Fukunaga’s “Beasts of No Nation” has received some deserved criticism, Zeba Blay expertly illuminates in a piece for the Huffington Post, that the film, which takes place in an unnamed African county, “promotes this idea of Africa as a monolith, as a site of misery and pain so widespread that it doesn’t matter where in Africa the story is actually taking place.” It’s hard to argue with that, but at the same time, the film is masterfully crafted. It manages to be shocking and revolting without being exploitative. It manages to maintain empathy for people who engage in horrible atrocities. And it takes the kinds of events we hear of in distant news reports and find inexplicable and make them understandable, (though not at all justified of course). Plus, the entire cast is black (as Blay points out, there’s not a white savior in sight) — its stars Idris Elba and Abraham Attah, in particular, give astonishing performances.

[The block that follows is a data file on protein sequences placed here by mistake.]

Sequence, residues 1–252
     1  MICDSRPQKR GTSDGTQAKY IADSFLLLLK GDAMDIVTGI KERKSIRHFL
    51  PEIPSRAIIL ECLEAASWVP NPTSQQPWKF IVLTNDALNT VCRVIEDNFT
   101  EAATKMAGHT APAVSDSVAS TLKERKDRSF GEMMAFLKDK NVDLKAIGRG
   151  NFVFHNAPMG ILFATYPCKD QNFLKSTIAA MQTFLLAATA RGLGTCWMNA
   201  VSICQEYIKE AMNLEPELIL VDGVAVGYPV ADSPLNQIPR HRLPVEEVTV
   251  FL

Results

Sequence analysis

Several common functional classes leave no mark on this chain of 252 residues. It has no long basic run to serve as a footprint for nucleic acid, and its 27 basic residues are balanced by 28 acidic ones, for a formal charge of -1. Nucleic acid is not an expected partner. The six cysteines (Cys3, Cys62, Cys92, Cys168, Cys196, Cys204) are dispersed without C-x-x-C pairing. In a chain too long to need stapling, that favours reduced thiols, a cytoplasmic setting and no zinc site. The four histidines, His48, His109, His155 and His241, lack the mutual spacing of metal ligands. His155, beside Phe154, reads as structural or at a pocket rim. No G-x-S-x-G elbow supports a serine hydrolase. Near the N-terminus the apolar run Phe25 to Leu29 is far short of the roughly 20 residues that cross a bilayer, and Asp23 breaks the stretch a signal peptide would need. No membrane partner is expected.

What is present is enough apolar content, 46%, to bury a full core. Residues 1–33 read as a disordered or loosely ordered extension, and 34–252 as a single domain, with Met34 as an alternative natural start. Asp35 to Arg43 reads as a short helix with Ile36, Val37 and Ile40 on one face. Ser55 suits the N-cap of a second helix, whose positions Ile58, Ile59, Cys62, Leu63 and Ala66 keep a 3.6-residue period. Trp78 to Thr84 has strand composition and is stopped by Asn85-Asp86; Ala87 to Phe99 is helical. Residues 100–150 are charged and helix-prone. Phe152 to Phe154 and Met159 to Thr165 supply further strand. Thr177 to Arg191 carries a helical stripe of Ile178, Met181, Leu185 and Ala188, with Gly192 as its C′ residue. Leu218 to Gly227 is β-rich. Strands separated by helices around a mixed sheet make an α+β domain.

Felt_Blackout_Films“Felt,” the powerful independent film starring and co-written by Amy Everson, is harrowing as well, though not as frenetic. It turns its eye to atrocities that are subtler and closer to home, and draws our attention to our own complicity to them in a way that “Beasts” does not. Though it’s gorgeously shot and full of arresting visuals and impressively naturalistic performances, the weight of the subject matter makes it difficult to watch, though ultimately well worth it.

These three films on Netflix are leagues better than anything in mainstream cinema this year. I love broad, big-budget spectacle as much as anyone, but didn’t find anything particularly captivating of that ilk this year.